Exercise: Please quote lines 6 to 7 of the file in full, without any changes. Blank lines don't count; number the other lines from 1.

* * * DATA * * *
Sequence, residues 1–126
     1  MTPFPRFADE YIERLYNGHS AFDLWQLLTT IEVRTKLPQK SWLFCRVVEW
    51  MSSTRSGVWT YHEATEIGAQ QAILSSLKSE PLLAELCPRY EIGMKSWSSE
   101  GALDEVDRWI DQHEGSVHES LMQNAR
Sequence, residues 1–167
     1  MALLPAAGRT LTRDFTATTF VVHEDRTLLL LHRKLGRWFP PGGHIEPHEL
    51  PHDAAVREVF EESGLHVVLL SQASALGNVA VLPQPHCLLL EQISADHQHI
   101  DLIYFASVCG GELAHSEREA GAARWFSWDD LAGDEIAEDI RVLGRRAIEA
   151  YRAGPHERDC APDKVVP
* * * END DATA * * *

     1  MALLPAAGRT LTRDFTATTF VVHEDRTLLL LHRKLGRWFP PGGHIEPHEL
    51  PHDAAVREVF EESGLHVVLL SQASALGNVA VLPQPHCLLL EQISADHQHI